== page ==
6. Conditional Comments:
When a website is designed and developed, it becomes imperative to use different rules to make the website work across almost all the considered web browsers. This can fix almost all the errors that crop up with the usage of the website across different browser versions. Hence, using Microsoft-introduced mechanism called Conditional Comments lets you apply different CSS Styles and scripts depending upon the browser. Implementing this can remove the cross browser compatibility issues to a greater extent.
7. Going through the differences:
Addressing all the errors and issues still doesn’t guarantees that the website would perform the way you want it to. No matter how hard you try, certain elements are bound to misbehave, and parameters are likely to vary as the browser and the devices browsing the website, change.
Hence, the focus should not be the appearance of the website to be identical on every platform. The focus should be on the functionality and accessibility of the website. The elements of the website may look misplaced over the screen over different versions of browsers. However, if they function nicely and serve the desired purpose, then the appearance should not be a big concern. It should not prevent the user from accessing certain functions even if they are using the website from an obsolete device or browser or both.
8. Cross Browser Testing:
Apart from following the tips as mentioned above, testing the web application across the different platform is also imperative. No matter what you try and avoid, it is easy for you to write individual code that functions well on your browser. However, it may malfunction on another browser or even a differing version of the browser.
Hence, the website should be tested on different platforms before being delivered to the owner of the website. For this, there are different tools available to test the developed website across so many web browsing platforms. They give you an insight into how the website seems to function.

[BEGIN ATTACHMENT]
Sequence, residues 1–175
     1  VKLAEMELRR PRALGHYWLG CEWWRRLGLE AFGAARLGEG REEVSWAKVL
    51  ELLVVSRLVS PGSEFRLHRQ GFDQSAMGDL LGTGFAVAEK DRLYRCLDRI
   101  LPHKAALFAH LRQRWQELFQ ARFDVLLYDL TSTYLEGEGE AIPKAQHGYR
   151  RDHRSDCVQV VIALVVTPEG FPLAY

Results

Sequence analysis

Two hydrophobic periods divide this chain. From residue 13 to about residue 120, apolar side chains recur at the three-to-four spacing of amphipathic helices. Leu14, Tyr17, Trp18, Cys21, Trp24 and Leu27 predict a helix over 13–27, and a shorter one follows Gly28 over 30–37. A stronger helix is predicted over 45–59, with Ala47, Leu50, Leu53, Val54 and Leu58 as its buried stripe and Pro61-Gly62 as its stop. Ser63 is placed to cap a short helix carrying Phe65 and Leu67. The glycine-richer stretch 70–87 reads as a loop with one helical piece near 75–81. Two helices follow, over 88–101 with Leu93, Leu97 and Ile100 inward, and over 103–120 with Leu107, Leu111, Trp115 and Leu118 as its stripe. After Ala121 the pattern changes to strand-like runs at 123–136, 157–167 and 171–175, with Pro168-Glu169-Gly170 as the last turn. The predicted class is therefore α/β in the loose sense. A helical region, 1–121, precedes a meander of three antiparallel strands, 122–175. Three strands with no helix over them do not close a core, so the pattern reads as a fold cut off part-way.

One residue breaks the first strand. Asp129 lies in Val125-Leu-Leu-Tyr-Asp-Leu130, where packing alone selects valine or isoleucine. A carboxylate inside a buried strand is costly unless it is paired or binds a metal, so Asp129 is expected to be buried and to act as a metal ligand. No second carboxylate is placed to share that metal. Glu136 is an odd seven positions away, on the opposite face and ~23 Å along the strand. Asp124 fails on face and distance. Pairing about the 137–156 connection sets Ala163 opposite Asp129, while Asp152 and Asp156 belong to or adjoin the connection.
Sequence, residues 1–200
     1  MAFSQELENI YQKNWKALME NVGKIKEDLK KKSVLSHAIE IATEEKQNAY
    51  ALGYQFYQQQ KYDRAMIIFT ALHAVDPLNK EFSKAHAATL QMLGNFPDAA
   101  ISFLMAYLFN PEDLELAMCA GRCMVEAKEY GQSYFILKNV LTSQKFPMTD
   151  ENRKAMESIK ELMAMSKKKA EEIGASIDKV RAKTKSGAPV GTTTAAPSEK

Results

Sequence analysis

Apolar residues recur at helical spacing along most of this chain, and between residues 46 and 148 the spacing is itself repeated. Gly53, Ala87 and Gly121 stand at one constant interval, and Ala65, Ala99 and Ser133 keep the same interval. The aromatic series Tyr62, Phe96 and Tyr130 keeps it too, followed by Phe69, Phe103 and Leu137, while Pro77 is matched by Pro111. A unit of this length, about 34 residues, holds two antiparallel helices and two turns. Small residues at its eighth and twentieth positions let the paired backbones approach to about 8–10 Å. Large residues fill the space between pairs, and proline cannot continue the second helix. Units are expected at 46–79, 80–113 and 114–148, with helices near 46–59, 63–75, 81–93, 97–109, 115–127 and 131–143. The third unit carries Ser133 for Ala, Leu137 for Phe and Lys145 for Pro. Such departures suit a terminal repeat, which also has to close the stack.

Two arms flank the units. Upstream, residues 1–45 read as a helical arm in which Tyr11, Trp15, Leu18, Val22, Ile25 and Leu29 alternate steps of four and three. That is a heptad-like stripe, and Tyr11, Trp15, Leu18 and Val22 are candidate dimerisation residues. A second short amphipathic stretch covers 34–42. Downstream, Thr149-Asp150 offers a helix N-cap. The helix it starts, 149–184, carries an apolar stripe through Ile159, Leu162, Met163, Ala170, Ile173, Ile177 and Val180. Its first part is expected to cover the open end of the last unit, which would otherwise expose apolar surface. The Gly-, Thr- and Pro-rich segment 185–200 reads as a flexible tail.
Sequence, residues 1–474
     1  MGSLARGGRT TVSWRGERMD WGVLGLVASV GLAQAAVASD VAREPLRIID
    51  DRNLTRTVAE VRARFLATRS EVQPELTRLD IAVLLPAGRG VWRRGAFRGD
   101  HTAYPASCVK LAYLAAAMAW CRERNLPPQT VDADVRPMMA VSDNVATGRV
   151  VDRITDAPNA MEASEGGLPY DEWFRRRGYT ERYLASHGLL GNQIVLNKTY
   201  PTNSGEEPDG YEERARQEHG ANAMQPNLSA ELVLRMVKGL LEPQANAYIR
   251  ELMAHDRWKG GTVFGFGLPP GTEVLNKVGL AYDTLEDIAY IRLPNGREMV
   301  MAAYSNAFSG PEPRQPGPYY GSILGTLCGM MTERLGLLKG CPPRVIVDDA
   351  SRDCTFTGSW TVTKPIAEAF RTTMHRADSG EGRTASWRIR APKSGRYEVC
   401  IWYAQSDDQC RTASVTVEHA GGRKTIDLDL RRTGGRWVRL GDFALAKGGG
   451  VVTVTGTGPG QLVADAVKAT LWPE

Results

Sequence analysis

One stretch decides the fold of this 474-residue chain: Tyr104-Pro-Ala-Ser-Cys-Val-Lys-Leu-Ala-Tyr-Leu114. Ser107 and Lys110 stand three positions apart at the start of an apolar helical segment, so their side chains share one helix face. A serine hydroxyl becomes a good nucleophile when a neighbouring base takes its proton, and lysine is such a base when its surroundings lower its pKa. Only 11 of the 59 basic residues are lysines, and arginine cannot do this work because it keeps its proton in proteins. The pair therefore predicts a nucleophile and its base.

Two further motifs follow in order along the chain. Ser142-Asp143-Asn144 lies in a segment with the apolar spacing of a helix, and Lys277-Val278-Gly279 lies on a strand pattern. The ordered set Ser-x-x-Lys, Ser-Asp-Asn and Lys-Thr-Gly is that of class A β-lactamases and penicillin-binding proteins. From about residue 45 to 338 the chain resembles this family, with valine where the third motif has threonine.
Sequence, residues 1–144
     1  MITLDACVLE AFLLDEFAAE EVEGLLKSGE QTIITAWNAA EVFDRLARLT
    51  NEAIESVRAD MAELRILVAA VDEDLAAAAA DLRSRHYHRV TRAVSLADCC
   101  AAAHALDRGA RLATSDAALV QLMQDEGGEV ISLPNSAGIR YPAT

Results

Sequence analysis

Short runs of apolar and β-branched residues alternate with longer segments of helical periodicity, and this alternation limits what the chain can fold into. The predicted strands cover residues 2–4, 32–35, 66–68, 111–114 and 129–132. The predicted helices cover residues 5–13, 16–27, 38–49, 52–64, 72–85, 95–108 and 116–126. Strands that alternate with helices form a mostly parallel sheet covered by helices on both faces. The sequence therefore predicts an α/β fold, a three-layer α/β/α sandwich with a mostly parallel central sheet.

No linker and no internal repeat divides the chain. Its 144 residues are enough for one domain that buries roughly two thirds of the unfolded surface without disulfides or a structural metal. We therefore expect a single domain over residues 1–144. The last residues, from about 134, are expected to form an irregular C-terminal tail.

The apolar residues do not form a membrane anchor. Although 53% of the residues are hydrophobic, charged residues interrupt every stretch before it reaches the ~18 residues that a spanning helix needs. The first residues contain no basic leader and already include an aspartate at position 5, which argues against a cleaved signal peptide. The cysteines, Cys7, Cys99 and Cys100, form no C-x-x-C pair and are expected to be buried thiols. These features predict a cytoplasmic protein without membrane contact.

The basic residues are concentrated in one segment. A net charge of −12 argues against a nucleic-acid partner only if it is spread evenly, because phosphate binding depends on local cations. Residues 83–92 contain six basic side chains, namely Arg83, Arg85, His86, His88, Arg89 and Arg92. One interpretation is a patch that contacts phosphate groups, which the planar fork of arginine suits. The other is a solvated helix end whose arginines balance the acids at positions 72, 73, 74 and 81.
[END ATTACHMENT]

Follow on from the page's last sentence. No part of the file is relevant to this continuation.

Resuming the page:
The biggest problem a website developer encounters while testing a website for cross browser compatibility is, that there are so many browsers available in the market. But to cover the basic browsers is the key to successful testing. As a website developer, you should test your website across following 5 browsers:
- Google Chrome
- UC Browser
Microsoft Edge didn’t make it to the above list because its market share is very small. But it would be a good convention to still test on Microsoft Edge to make sure the website functions desirably.
Installing different browsers and testing your website on each of them can be a tedious job. That’s the reason, there are so many online tools that help you conduct Cross Browsing Testing online.
The above steps are the necessary steps that we can look at while developing a functional website. With the latest advent of technology, it is difficult but not impossible to achieve cross browser compatibility. With browsers adhering to specific W3C standards, addressing the cross browser compatibility issues is easier than ever.
But that does not mean that the developer should undermine the importance of addressing the cross-browser compatibility issues. Sometimes, the issues are significant, it defeats the entire purpose of having the website in the first place because it just backfires the way it works on specific browsers.
This article offers you a peek into what cross-browser compatibility issues look like and how those issues can be addressed. People use different web browsers across the globe. So, it becomes a difficult task to make the website function correctly across all the web browsing platforms. If a website is developed using high-end, latest scripts, then the older version browsers accessing the website should have the code downgraded gracefully. This will allow the browser to render the website visible and functional. Hence, if the website is developed well, it should function with stability across all the platforms.